National Warranty was historically very strong in the Pacific Northwest. Interstate, after moving its headquarters from Long Island to Atlanta, is now better able to recruit and train people from the Southeastern states. And Atlanta, with the addition of Interstate's employees to the local talent pool, is turning into something of a hub for the service contract industry.
Right now, Morley said, around 60% of Interstate's business goes through auto dealers. Around 15% to 20% of the business is direct-to-consumers through brands such as Warranty Direct and the Provida Group, another member of the new holding company. Another 10% or so comes in through direct marketing channel partners, she said.
St. Louis Cowboys
Direct sales, Morley said, suffered greatly from all the bad publicity that surrounded the "expiring warranty" scams of 2008 and 2009. But then about a year ago, as the St. Louis Cowboys began to go out of business and the unsolicited telemarketing calls diminished, the direct channel once again became viable for the legitimate practitioners.
"That channel had kind of gone down for us," she said, "but then in the last year it has really just taken off again. It's been increasing on a monthly basis, that channel." As the bad publicity died down, she said, there was still that underlying trend at work: People are keeping their cars longer, and they still want the protection of a legitimate service contract.
Morley said she's also seen customers become sharper with their questions, probably because of all the bad publicity. "We answer their questions," she said. "People are more educated today. And so they ask the questions about insurance, and things like that. And we're very forthcoming as to who the insurer is for the product, the rating of the insurer, and the financial stability of our company and our partners."
Good Cowboys vs. Bad Cowboys?
So how can you tell the difference? Whether you're an auto dealer looking for an administrator/underwriter partner or a consumer looking for an extended warranty, how can you tell the good from the bad?
Morley suggested to first look for some longevity. Interstate has been around for more than 30 years. The Warranty Group has been around in different forms for more than 45 years. "I don't think you'll find too many standalone administrators that have been around for that long," she said.
Second, they should ask about claims payments, and look at the terms and conditions of the actual contracts to see how and when claims are paid, and when they're denied. This is a bit more subjective, but what's she's suggesting is to get a feel for whether the company is open to talking about it. "We're very transparent," she suggested. "There's nothing to hide with us."
The respect between Interstate and Virginia Surety seems to be mutual. "They're definitely a best of breed solution out there in the market," Frosch said. "They meet the criteria that makes sense for us: a high-quality, high caliber organization. And we just started down the path."
Frosch said he fully expects Interstate to look for ways to leverage the width and the breadth of The Warranty Group's product line. "If you look at The Warranty Group in its entirety, it's a completely integrated solution," he said. "We own the underwriter. We own our own admin capability. We own our own marketing, and our own compliance. So within that, we're able to literally create a diversity in our offerings, depending on what a client needs. So we have full-service offerings where we'll provide all of those offerings. But because we're a fully-integrated stack -- a fully-integrated solution -- we also have the ability to work with clients to pick and choose the pieces that they're looking for.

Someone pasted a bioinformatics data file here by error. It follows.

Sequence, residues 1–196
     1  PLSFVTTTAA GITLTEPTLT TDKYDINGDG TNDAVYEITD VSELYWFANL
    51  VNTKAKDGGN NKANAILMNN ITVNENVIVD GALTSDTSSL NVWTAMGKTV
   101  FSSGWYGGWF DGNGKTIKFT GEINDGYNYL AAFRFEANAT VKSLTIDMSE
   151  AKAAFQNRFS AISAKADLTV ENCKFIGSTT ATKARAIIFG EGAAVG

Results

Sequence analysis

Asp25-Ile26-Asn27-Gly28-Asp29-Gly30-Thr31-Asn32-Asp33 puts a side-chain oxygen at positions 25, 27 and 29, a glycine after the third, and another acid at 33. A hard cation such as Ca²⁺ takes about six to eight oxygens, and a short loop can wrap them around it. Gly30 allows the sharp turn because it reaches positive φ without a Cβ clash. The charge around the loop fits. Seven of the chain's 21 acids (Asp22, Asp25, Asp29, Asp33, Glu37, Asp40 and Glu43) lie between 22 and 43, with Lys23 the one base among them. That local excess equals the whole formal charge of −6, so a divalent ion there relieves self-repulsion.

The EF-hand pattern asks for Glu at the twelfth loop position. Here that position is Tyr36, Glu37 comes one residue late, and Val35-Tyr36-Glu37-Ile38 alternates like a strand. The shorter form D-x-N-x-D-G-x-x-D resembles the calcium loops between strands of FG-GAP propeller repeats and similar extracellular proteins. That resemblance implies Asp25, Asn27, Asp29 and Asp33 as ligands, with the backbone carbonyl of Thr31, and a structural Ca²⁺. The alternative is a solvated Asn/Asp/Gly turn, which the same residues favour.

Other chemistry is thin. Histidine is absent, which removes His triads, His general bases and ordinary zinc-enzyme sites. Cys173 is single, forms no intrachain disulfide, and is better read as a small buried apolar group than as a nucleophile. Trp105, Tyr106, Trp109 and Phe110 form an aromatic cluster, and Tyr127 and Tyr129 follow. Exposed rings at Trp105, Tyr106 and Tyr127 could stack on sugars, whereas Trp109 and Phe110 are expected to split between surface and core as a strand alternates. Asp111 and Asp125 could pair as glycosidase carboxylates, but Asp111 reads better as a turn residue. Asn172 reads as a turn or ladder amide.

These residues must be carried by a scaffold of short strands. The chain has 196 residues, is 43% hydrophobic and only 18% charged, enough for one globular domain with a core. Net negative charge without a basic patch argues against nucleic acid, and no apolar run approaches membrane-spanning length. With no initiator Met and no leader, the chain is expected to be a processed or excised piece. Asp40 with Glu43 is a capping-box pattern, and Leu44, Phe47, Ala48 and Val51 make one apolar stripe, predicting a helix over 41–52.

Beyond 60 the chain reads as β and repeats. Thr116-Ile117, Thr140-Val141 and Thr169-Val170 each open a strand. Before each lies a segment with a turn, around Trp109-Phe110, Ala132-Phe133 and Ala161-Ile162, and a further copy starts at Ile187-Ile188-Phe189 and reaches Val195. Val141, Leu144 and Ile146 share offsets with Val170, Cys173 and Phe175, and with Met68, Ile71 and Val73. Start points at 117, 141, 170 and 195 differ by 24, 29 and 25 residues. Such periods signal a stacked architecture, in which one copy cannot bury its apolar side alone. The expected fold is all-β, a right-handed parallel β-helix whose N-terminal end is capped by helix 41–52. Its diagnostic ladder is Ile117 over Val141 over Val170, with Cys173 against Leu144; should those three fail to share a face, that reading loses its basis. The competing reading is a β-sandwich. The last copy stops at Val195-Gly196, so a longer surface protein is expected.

"In the Interstate example, they're a third-party administrator. They're doing the sales and marketing. And they're looking for a quality underwriter to back and support the program," Frosch concluded.
This year, Frosch said, is turning out to be encouragingly positive, despite all the bad publicity heaped upon the industry last year in the wake of the "expiring warranty" scam. Frosch said he thinks one big reason for that is because the business model that Interstate and Virginia Surety pursue is vastly different from the misleading telemarketing practices favored by the St. Louis Cowboys.
"It's had no impact on our business, because that's a business that we were not pursuing," he said. "The things that were taking place, and how it was reflected in the media -- it's just a very different scenario than organizations that are compliant, organizations that are seeking quality underwriting, and organizations that want to be there to take care of the customer as the contract earns and matures over time."
Flight to Quality
Frosch said he continues to see two big trends affecting business conditions in the industry. "One is the flight to quality: Organizations looking for a steady and stable partner. It in no way benefits any company or consumer as you see some companies who have switched programs constantly," he said. Instead, what he said he thinks clients want to see is some longevity and stability in their business partners.
The other trend is globalization. Companies that have done well in the North American market are now looking for opportunities in additional countries and regions, he said.
"We have operations throughout Latin America, throughout Europe, Asia, Pacific Rim, and all of North America," he said. "We operate in 60 countries, and we have brick and mortar in 33 countries -- full claims service, full underwriting, full marketing, and full compliance on a global basis. So as you see multinational organizations looking for custom solutions, we're a very viable and logical choice for these companies."